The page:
M Uw t'vurt Hon iara.
aiw.0 t IL 11 UAYNEi CU-
Lath or uocajuuv a arru,
Comntlislon and Forwarding
UUUC II A X 'V ,
50. 9 Koarn lEccjTo i ram,
kT. LOl la, no,
Y I. & L.R. SIIRYOCK,
Commission and Forwarding
NO. 26 LEVEE AND COMMERCIAL STREET,
SAIAX LOUIS, MO.
3"- Solicit orders for the purchase of HEMP, BAR
GING, HOPE, B.U.XIX, LAKI, t'LOL'K, WHEAT, CUEX,
jrp Sell every dpscriptinn of Country Produce on
Consignment, and" Forward Merchandise promptly to
all jioint. from st. Louis.
JtTp Refer to Fishc-r, Whe-less k Co.; R. O'Kane.
April 10 6m.
CUXGAje Sex ITT.
WILLIAM C. SCOTT.
SCOTT & BROTHERS,
Commission and Forwarding
NO. 9 LlXT'T STREET, EET. MAIN AND LEVEE,
Saint Louis, 3Io.
Jt3 Particular atteution given to the s;lo of Produce
and tilling orders of every description. -
Rkjtjkkvces: Merchants and Banks of Nashville.
April lu datrivvly.
CllS. S U A 1 W V
Third appearance of the
MISS ELIZA laOUAX,
On which occasion she will appear iu her great char
acter of LI CREIXA BoRGlA.
On Saturday Evening, April 10th, 1858,
Will be acted the fur famed drama, in three acts, en
t.tled Ll'CKETIA BtjKOIA; ob, Thk PoHorn. Luere
tia, Miss Kuza I;as: Genarro, Mr. C. C. Humii.tox.
Favorite I'anee, M:ss K. Hknkadk. To conclude with
tlie favorite farce of tWlSS fc'AIN"s
Full particular Bee Programme BilU. apr9
M A B I E ' S
Newly Organized Double Troupe of
"YSenisei,ie ami Circus!
Magnificently fitted up for the" Season of 1858.
Keeper of tlie Menagerie..
...S B. IHJND.
W. II. T'llT.
. . ,WM. KKWHI'V.
. . .T't.NKV l'ASTOK.
. . .Prof. ISkaslky.
The combined Me-uaye-rie- aud Circus will exhibit at
FRIDAY AXD SATI'SDAV, APRIL 9th and 10th,
On Market Street, notir the litis Works,
lor Two Ia Only Afternoon and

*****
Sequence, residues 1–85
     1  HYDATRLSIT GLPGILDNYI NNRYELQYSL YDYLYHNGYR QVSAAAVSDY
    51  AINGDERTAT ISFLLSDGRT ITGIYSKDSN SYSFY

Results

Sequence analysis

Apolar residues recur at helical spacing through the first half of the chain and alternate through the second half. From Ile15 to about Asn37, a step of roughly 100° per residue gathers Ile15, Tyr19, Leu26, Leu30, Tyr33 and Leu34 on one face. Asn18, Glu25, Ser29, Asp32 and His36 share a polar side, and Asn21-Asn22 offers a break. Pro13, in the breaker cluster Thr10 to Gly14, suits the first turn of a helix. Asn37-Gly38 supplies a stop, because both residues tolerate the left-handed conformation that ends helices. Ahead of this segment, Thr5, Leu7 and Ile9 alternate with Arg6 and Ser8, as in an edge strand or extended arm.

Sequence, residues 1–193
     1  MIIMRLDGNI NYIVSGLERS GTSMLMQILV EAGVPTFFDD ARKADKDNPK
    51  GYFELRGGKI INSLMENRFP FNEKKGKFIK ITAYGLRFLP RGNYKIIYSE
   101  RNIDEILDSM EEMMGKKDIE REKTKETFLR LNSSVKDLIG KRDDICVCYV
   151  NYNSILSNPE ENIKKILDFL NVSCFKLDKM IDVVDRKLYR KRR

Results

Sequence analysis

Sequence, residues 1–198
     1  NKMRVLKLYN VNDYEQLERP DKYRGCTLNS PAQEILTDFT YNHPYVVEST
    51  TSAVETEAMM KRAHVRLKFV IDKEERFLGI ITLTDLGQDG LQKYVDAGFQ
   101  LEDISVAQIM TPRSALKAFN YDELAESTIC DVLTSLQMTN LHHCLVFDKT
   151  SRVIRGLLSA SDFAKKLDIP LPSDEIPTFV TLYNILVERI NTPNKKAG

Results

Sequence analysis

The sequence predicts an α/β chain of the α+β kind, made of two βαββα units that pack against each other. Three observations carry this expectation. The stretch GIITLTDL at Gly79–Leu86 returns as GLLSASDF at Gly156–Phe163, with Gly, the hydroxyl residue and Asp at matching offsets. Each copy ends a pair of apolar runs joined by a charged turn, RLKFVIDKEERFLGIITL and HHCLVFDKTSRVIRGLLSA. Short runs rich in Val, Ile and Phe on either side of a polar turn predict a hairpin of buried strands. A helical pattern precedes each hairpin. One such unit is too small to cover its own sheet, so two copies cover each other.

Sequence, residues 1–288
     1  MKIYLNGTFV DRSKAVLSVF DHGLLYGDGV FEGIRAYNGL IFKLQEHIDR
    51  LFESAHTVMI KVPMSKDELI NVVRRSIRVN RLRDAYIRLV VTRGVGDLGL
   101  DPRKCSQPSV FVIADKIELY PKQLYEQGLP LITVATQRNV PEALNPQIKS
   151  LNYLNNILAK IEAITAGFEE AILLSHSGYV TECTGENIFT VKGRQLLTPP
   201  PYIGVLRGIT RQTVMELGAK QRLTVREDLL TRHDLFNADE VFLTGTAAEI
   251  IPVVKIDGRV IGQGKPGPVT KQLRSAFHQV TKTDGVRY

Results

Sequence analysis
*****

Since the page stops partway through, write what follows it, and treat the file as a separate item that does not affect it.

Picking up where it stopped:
Doors onen nt 2 o'clock and T P. M. Admission 50
cents; Children and Servants 25 cents.
A GUAM) PJIOCLSSIOX
Will It, made in the foreiHMin of
the day ol exhibition, preceded by
Draw ii by IClcplianto !
Tlie following 1 i r-t comprises the
wild animals now exhibiting in M.i
liics' joint l-naf'-ric ami Circus.
Three Colossal Elephants!
Forming the ten in of the
GEEAT BAND CHARIOT ! !
Ten in.iL'iiilii -eut Lions. Koyal lien
t'.il TiL'i-r. Itra.ih in I'.l.i. t Tiuer,
I.-oiaros, i 'an I hers. Concur . K-eios,
Tiear Cats, striped and siMitted Hy
enas, ;ri7.ly and llluek Hears, Cam
els and I'rume.l.irii s, Limits, I'.ur-mi-se
Cow and Alpaeas. pray and
black Wolves, white I'.xmi, liailei-rs.
Porcupines, and a wilderness of
P.irds and Monkeys.
Fife Inhibition !
GRAND WIRE ASCENSION
11 y JTlad. 1. routine.
Thit sreat feat is done dully, en
th" o'lt-idc of the Pavilion , and free
I lo an, (except ill casi-s oi ri y oiii
y'i-e . , winds or rain, which would render
It revolting to Humanity.;
For further particulars, see larpe
pictorial aud descriptive hills Hint
lithographs of the Company . apr-'-td
For Cairo unci .Memphis.
"MIB flu ius-Hi:tr wicktT
Mail Steamer, J. J. I I.1NK, -a- -rrt-Bk
C. P. Kluott, Master, will leave M O X ! A V ,
April PJlli.at -J o'clock, P. M.,for the above and all
intermediate ports. 'or freight or j-assage apply ou
board, or to A. L. 1AV1.-,
For Cairo and St. lonis? Tues
day, April I'.Uli.
f IM IE regular ss.-nger and !'.
1 freight Meamer, SAI.I.IK Ira-jCWflSKifc! J
RT , J . X . Co.j.ktt, Muster, w ill aavr"..!-. Miaffli
leave for the above ami all iiiti-rtiiediati- orls, on
H'KSI'A V, April i:;th, at 4 o" lot k P. M. Pur
height or passage applv ou board or to
aprT td " A. HAMILTON", Agent.
To Caacb. and Carriage Manufacturers, Cabi
net Makers and Painters.
ri'MIIC undersigned have received Ihe agency for the
JL sale ol til'- celebrated V.vKMl-llhS in iniltaelilred
ly ihe ll.iv rtei.l Vitrui.-U Manul.M I irii'g Company,"
which are universally aeknowledge.1 to be suiwrior to
any oiher Varnishes iu the Cini.el r-Lates, and lta pi.-t
received a large supply "I the tollownn; dillerent Kinds
which they will sell at a very small auvunee on Mono,
fuclurers' prices :
lllack Knuini-le-d Coach Itody Varnish,
Histic " " I in. Kugjish.
Im. hiighsh Wearing "
' Palo Couch " "
Hmwn Japan '
lil.u k lrn "
U h.le Copal
Walnut Stain "
Km a pine Carriage "
Xo. 19 Public Spiarc. oppcaite Market lioiine.
MADAME LA ROSE,"
-lauet readers, has filtered the cilv. She can be
rn at No. 76, 111 ion atr-t, opp.-ile Odd fellows'
Hall. She c in describe all disvux-s w ln h altbcl hu
manity. Ladies in feeble heailii are urticulurly re